How to: Sugar Detox

How to: Sugar Detox

How to: Sugar Detox

We’re not talking about a special drink to "detox" your body.  Your liver and kidneys do a great job at that. By definition, a detox is a process or period of time in which one abstains from or rids the body of toxic or unhealthy substances.  We're referring to abstaining from the highly addictive and inflammatory added sugars from your diet. 

It's no secret that consuming too much added sugar harms your overall health. Unfortunately, most Americans consume far too much added sugar in the form of soda, candy, sweetened baked goods, sugary breakfast cereals, and more. Cutting back on added sugar is important, as excessive consumption is linked to an increased risk of certain health conditions, including fatty liver, type 2 diabetes, and heart disease. 

We often find ourselves overindulging during the holiday season and could use a reset to stop the cyclic addiction to sugar, which is why we are offering a FREE Sugar Detox program starting Monday, January 8th, 2024.

If you answer yes to any of the following, join us for 5 days to set yourself up to feel healthy again in the new year:

  • Do you have pre-diabetes or type 2 diabetes?
  • Do you crave sugar and carbs?
  • Do you have high triglycerides, low HDL (“good”) cholesterol?
  • Do you experience joint/muscle pain, brain fog, memory or mood problems?

Here are some tips we'll be reviewing in our online modules and daily group sessions:

Rethink your Drink

When we drink beverages with sugar, such as a soda or flavored latte, think of it as mainlining sugar directly to your liver. You don’t feel full, so you eat more all day and you crave more sugar and carbs. It’s also the single biggest source of sugar calories in our diet.  Add berries or slices of lime, lemon, or cucumber to water.  If you’re missing fizzy drinks, add a splash of 100% juice to plain sparkling water for a refreshing, low-calorie drink.

Power Up with Protein

Protein at breakfast is key to balancing blood sugar and insulin and cutting cravings. Protein has also been shown to directly reduce food cravings. Protein helps slow digestion, promoting a feeling of fullness. Start the day with cage-free eggs, tofu scramble, or a smoothie with protein.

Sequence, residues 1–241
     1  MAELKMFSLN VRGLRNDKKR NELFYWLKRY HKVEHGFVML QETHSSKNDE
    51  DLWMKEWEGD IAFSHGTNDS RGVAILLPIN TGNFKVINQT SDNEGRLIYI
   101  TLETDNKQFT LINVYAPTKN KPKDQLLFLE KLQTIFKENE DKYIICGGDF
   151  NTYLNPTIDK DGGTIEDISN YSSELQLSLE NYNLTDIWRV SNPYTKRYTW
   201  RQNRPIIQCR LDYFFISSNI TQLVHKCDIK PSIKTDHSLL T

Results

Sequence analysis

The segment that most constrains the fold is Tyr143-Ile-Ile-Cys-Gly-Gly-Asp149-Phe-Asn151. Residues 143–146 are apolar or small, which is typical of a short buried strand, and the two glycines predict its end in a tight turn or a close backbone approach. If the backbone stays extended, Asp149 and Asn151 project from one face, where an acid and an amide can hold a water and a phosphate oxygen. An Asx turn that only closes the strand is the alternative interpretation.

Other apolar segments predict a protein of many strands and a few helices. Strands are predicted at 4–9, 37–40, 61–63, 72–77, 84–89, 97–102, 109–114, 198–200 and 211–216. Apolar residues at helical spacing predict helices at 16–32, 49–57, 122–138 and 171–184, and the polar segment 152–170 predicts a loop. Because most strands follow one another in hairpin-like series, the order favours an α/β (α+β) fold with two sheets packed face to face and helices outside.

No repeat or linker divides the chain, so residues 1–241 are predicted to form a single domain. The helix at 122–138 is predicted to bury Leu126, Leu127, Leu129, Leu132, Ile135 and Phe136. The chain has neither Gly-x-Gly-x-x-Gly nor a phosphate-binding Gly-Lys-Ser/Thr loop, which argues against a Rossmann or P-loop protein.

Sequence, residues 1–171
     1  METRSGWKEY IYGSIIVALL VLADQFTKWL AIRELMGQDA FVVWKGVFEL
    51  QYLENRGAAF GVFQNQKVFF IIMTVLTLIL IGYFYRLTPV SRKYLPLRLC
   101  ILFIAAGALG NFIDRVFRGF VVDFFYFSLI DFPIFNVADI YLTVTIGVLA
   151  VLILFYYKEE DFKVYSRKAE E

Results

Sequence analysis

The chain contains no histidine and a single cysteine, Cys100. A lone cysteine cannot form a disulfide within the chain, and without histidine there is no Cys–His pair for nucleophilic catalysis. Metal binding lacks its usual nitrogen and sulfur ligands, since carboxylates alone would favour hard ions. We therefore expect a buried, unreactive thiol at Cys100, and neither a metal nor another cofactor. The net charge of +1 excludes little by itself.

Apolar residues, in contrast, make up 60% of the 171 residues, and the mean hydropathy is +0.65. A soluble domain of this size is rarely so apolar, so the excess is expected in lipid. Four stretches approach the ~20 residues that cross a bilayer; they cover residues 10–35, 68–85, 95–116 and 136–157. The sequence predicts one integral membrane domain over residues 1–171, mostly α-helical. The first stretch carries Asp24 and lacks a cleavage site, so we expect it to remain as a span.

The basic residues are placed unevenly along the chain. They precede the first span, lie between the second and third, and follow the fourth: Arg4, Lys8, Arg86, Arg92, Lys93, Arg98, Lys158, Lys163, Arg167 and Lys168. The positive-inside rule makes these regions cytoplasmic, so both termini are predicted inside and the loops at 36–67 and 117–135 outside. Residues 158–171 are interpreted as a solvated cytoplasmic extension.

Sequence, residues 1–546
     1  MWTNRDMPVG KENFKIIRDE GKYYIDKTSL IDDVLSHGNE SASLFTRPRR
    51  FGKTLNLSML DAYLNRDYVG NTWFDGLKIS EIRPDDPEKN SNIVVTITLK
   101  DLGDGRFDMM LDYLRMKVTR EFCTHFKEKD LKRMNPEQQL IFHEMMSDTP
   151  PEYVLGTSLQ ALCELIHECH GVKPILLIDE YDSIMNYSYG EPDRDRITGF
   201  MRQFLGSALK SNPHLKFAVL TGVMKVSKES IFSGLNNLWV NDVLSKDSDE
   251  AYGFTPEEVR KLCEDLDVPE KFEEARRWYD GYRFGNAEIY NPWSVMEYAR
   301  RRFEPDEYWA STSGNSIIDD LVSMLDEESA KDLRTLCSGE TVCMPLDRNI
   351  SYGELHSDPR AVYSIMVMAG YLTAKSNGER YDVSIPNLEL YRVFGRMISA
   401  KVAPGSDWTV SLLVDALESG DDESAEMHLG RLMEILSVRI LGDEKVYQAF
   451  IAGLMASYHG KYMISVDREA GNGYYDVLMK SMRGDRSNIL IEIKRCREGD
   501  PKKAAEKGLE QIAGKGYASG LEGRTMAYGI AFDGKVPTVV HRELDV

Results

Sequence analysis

Fight Sugar with healthy fats

Fat makes you full, balances your blood sugar, and is necessary for fueling your cells. Along with protein, have good healthy fats at every meal and snack including nuts and seeds (which also contain protein), extra virgin olive oil, avocados, and omega-3 fats from fish.

 Be Ready for Emergencies

You never want to be in a food emergency when your blood sugar is dropping and you find yourself in a food desert such as an airport, the office, or in a maze of convenience stores, fast food joints, and vending machines. Keep an emergency stash of healthy snacks on hand such as nuts, seeds, nut butter packets, and fruit.

 Focus on Stress Management

If you are stressed, your hormones go crazy. Cortisol goes up which makes you hungry, causes belly fat storage, and leads to type-2 diabetes. Studies show that taking deep breaths activates a special nerve, called the vagus nerve, that shifts your metabolism from fat storage to fat burning and quickly moves you out of the stress state. And all you have to do is take a deep breath.

Sleep Matters 

Getting less sleep drives sugar and carb cravings by affecting your appetite hormones. In human studies, depriving college students of just two hours of the recommended eight hours of sleep led to a rise in hunger hormones, a decrease in appetite-suppressing hormones, and big cravings for sugar and refined carbs. You want more energy if you don’t sleep, so you go toward quickly absorbed sugars. Sleep is the best way to fight against the drive to overeat. You literally can sleep your cravings and your weight away.

Acknowledge the Hard Times

Journal your way through any symptoms you experience.  Rather than reacting and possibly giving in to sugar cravings, write down everything you are feeling  and try to identify the trigger.  Was it poor nutrition, hydration or stress?  Identifying the trigger can help problem-solve ways to overcome that in the future. Stay strong and remember, you can do anything for 5 days!

Small Improvements lead to Big Results

Trying to improve your health by taking on too many things at once can lead to burnout and ultimately, failure. If you're feeling overwhelmed about reducing your added sugar intake, choose one item from the list and commit to it for two weeks. Once it becomes a habit, move on to the next item and commit to it. Keep up this cycle until you have reached your added sugar intake goal.